We need more than love

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If you have been in any LGBTQ space in the past decade, you’ve prob­a­bly heard some vari­a­tion of “love is love.” Even be­fore I came out, love as a uni­fier has been a per­va­sive theme. When same-sex mar­riage was il­le­gal, it was a cen­tral theme. When the ban was over­turned, ac­tivists de­clared that love won. When the Pulse shoot­ing sent a rip­ple through our com­mu­nity, we were told that love, not hate, was the an­swer.

Even out­side of queer spa­ces, I hear this mes­sage. When­ever some­thing in­flam­ma­tory hap­pens, the love bri­gade comes out. If some­thing egre­gious hap­pens, we’re told that if we love each other enough, we can get through it.

The lat­est ex­am­ple is the chaos erupt­ing in Char­lottesville. In the wake of bla­tant white su­prem­a­cist ter­ror­ism, we are be­ing told that we need to love them through it. For­mer Pres­i­dent Barack Obama tweeted “Peo­ple must learn to hate, and if they can learn to hate, they can be taught to love … No one is born hat­ing an­other per­son be­cause of the color of his skin or his back­ground or his re­li­gion.”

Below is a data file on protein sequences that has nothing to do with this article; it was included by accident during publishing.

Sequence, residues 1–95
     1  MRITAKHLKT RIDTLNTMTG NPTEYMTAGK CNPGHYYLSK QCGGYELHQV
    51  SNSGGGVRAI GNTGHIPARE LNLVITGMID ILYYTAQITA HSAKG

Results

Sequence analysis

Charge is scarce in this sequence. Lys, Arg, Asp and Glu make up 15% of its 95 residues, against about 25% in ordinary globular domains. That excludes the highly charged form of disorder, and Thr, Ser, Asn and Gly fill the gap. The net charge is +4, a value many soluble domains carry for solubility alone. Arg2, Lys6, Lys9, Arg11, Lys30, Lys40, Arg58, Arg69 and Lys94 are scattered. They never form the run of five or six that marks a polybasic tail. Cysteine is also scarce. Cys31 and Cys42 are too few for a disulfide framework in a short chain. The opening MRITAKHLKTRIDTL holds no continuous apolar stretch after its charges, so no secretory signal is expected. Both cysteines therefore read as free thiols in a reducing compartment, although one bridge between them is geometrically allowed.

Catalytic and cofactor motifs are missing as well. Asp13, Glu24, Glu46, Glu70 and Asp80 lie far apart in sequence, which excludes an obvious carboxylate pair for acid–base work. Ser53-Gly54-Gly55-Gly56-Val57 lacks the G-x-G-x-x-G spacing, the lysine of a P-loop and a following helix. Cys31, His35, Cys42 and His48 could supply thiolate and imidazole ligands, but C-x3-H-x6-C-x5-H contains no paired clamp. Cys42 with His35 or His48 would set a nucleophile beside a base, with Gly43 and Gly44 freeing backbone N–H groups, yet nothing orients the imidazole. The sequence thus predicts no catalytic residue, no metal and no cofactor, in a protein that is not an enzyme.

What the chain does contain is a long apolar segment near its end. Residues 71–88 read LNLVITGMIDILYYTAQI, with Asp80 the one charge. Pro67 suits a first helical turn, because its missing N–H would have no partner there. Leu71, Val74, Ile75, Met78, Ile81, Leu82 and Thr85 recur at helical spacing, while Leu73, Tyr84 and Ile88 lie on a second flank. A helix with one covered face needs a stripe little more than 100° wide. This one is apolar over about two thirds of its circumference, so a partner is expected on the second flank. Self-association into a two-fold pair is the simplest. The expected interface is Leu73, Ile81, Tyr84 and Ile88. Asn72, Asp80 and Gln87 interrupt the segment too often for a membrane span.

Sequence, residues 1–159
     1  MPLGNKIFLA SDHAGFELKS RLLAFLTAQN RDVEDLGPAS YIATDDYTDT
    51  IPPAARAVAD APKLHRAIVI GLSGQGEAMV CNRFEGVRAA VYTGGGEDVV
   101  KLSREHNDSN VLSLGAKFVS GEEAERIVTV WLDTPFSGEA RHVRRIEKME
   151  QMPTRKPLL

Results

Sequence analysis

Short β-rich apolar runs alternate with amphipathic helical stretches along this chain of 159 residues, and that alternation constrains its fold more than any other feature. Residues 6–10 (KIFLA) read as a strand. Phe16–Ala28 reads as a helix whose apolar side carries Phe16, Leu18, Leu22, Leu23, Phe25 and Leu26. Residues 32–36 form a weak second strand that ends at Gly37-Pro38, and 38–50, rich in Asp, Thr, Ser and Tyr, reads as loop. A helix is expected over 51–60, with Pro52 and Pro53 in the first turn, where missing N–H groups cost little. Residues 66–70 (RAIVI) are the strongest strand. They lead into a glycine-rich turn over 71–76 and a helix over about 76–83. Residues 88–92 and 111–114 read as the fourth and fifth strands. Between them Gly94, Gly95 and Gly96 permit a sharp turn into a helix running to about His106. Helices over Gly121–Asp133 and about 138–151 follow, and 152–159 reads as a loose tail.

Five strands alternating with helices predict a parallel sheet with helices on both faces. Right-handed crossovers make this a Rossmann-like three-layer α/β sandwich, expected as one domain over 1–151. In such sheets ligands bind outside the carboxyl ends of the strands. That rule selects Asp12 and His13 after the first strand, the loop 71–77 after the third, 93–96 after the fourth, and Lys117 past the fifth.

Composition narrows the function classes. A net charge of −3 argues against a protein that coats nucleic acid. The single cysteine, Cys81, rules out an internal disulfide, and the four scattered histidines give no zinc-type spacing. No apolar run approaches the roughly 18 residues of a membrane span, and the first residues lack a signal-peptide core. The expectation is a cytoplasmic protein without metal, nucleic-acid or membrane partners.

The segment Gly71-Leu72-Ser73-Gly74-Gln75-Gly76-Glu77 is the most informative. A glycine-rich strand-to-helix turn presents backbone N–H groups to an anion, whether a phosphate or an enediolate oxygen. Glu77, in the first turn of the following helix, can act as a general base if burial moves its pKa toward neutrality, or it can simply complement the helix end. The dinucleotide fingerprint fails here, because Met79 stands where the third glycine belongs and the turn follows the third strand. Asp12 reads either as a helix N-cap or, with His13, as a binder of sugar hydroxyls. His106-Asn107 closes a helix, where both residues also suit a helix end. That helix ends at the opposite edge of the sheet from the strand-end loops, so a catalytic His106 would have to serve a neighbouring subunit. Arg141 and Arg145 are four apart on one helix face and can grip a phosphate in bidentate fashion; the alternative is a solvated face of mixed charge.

As I scroll through my Face­book and Twit­ter feeds, I see peo­ple par­rot­ing the same mes­sage. While all of this sounds great in the­ory, I can’t help but won­der if it is truly gen­uine. How far has try­ing to love our op­pres­sors through our op­pres­sion got­ten us? Would a hug or heart emoji have stopped Omar Ma­teen from storm­ing Pulse?

Dr. Martin Luther King Jr. is of­ten quoted when peo­ple in­voke this trope. He is seen as the shin­ing ex­am­ple of be­ing peace­ful and lov­ing. Yet, that didn’t stop the bul­let on that fate­ful day at the Lorraine Mo­tel. It didn’t pre­vent Heather Heyer and sev­eral oth­ers from be­ing mowed down by that car. The idea that love is love, from my ob­ser­va­tion, is typ­i­cally in­voked when the priv­i­leged, or com­plicit, don’t want the marginal­ized to com­plain too loudly. When the mar­ginal- ized get a lit­tle too loud, this su­per­fi­cial love is stuffed down their throats to pacify them. Those that re­sist this mes­sage are por­trayed as too ag­gres­sive or hate­ful. It is a ploy to stop peo­ple from chal­leng­ing the sta­tus quo. Af­ter all, no one wants to be the fem­i­nist, anti-racist or Tum­blr lib­eral killjoy. They get drowned out and walked all over by the love squad. Busi­ness con­tin­ues as usual and no real work is done.

If you truly love some­one, or peo­ple in gen­eral, you want to see them be­ing their full selves. You want to see them free and lib­er­ated. Si­lenc­ing some­one with su­per­fi­cial pos­i­tiv­ity isn’t love.

“How far has try­ing to love our op­pres­sors through our op­pres­sion got­ten us? Would a hug or heart emoji have stopped Omar Ma­teen from storm­ing Pulse?”

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